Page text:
Legendary LGBT legal icon Mary Bonauto said today that the "gaping" religious exemptions in the Employment Non-Discrimination Act are part of a broader effort to preserve homophobia as an acceptable prejudice in law and society under the guise of "religious liberty."
Bonauto, who is widely regarded as a foundational figure -- and even the "Thurgood Marshall" -- of the marriage equality movement, made the remarks this afternoon during a plenary panel at the American Constitution Society for Law and Policy's national convention in Washington, D.C.
The panel, called "Reflections on Windsor," featured Bonauto; Pamela Karlan, U.S. Deputy Assistant Attorney General for the Civil Rights Division and the primary author of Justice Harry Blackmun's dissent in Bowers v. Hardwick; and Roberta Kaplan, the attorney who successfully argued Edie Windsor's DOMA challenge before the Supreme Court and whose victory set off the tsunami of freedom-to-marry court rulings that have swept across the country since.
The panelists, all three of whom worked on the Windsor case, discussed their experiences, the impact of the Supreme Court's landmark ruling, and what they think are the next major battles in the LGBT civil rights movement. On that final point, Bonauto responded thusly:
"What I see ahead, of course -- it's on us, it's been on us, and it's just becoming more and more of a prominent issue ...this 'religious liberty' narrative is really dangerous.
"And you see it right now in the current version of the Employment Non-Discrimination, a sort of gaping religious exemption, you see it in what happened in Arizona and Mississippi and has been attempted actually around the nation, to re-do these state RFRAs [Religious Freedom Restoration Acts] to really provide a license to discriminate, and I think you can easily project out in 10, 15, and 20 years this long-term campaign, just like there's been a long-term campaign to undermine Roe, just like there's been a long-term campaign to undermine voting rights and so on, affirmative action, all kinds of things.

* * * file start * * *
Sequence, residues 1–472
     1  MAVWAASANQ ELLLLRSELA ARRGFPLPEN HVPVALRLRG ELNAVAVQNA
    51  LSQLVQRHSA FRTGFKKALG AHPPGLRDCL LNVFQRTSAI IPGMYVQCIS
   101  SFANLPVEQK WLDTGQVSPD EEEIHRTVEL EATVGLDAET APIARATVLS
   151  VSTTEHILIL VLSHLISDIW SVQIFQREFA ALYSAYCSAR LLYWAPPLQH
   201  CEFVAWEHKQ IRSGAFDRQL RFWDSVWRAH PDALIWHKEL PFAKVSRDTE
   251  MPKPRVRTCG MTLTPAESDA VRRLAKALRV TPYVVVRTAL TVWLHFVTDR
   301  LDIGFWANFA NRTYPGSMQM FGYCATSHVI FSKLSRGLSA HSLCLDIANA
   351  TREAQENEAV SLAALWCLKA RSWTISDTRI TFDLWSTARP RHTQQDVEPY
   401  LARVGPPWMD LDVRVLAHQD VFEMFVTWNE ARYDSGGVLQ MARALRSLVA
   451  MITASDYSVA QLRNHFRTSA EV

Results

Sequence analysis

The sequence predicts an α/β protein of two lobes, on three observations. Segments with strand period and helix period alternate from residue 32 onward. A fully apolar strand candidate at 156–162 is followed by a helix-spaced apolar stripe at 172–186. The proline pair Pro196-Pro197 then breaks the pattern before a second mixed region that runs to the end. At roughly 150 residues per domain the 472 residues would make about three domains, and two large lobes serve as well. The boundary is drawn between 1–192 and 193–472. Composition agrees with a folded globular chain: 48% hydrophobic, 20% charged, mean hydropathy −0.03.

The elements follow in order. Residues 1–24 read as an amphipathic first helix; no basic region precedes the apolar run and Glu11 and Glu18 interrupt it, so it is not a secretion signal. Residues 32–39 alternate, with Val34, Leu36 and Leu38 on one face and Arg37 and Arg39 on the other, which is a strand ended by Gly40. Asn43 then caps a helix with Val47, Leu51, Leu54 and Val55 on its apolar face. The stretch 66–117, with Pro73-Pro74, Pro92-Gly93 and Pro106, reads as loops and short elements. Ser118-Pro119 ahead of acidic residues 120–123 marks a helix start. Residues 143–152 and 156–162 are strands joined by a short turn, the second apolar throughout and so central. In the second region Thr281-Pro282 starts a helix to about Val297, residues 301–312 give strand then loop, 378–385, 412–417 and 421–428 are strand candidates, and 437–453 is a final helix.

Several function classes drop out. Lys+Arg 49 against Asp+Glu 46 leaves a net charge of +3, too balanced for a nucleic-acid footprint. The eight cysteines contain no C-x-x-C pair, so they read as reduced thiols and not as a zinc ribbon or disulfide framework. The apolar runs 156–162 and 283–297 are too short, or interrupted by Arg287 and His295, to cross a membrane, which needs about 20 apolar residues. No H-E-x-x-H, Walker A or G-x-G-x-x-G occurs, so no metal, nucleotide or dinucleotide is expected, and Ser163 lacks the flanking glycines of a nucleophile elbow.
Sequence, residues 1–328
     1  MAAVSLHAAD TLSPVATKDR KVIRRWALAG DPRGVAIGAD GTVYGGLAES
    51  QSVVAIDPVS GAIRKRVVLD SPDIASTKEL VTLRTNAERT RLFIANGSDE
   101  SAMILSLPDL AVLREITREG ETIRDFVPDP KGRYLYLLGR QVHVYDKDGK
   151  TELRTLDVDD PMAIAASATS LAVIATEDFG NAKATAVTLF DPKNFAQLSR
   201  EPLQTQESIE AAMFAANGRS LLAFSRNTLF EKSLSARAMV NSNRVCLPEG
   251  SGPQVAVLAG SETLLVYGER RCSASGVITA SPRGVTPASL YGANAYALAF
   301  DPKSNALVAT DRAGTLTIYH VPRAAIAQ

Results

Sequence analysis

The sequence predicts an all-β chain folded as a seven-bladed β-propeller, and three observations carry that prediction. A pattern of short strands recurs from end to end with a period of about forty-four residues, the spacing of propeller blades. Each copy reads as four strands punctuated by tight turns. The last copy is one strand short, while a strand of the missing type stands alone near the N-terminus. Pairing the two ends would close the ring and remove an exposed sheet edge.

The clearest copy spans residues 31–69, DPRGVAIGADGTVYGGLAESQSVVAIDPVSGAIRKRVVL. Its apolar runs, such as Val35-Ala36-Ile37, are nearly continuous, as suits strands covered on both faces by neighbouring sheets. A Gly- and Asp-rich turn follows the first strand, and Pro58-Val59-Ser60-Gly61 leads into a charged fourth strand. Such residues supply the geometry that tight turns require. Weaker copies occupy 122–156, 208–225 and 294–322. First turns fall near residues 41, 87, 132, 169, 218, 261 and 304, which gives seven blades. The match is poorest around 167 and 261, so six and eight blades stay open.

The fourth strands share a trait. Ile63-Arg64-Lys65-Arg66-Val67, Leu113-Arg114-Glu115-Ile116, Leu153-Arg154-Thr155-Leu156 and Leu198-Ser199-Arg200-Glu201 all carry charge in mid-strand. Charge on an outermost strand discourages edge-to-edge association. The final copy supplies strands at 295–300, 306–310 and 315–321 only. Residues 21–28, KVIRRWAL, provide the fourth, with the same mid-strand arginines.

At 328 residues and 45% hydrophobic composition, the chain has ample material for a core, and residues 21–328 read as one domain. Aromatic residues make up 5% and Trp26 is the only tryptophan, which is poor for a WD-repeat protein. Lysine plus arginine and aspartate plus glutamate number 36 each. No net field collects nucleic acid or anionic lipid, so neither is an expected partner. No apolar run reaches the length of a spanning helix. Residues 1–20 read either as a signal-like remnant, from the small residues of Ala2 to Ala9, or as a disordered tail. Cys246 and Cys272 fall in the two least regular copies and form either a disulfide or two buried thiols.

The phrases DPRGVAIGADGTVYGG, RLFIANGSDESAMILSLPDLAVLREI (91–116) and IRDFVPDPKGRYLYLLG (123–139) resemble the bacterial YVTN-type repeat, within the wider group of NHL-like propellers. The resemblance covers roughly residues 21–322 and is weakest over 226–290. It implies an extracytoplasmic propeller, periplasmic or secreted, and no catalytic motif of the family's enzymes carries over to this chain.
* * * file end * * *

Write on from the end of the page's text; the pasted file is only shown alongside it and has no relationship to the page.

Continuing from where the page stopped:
"You'll see them wearing away, so that again, people's citizenship, freedoms, and real opportunities are being compromised."
Bonauto's comments come as many LGBT advocates are becoming increasingly critical of the religious exemptions in the current version of ENDA, which they describe as troubling and unprecedented. The National Center for Lesbian Rights, the Transgender Law Center, Equality New Mexico, and GetEQUAL have all withdrawn their support for the bill as it currently stands, while groups like Freedom to Marry, the National Gay & Lesbian Task Force, the Human Rights Campaign, Lambda Legal, the National Center for Transgender Equality, and the American Civil Liberties Union continue to support the bill despite expressing "grave concerns" about the religious exemption language.
Although Bonauto called ENDA's religious exemptions "gaping" and said they could compromise LGBT people's "citizenship, freedoms, and real opportunities," she did not explicitly state whether or not she supports the current version of the bill.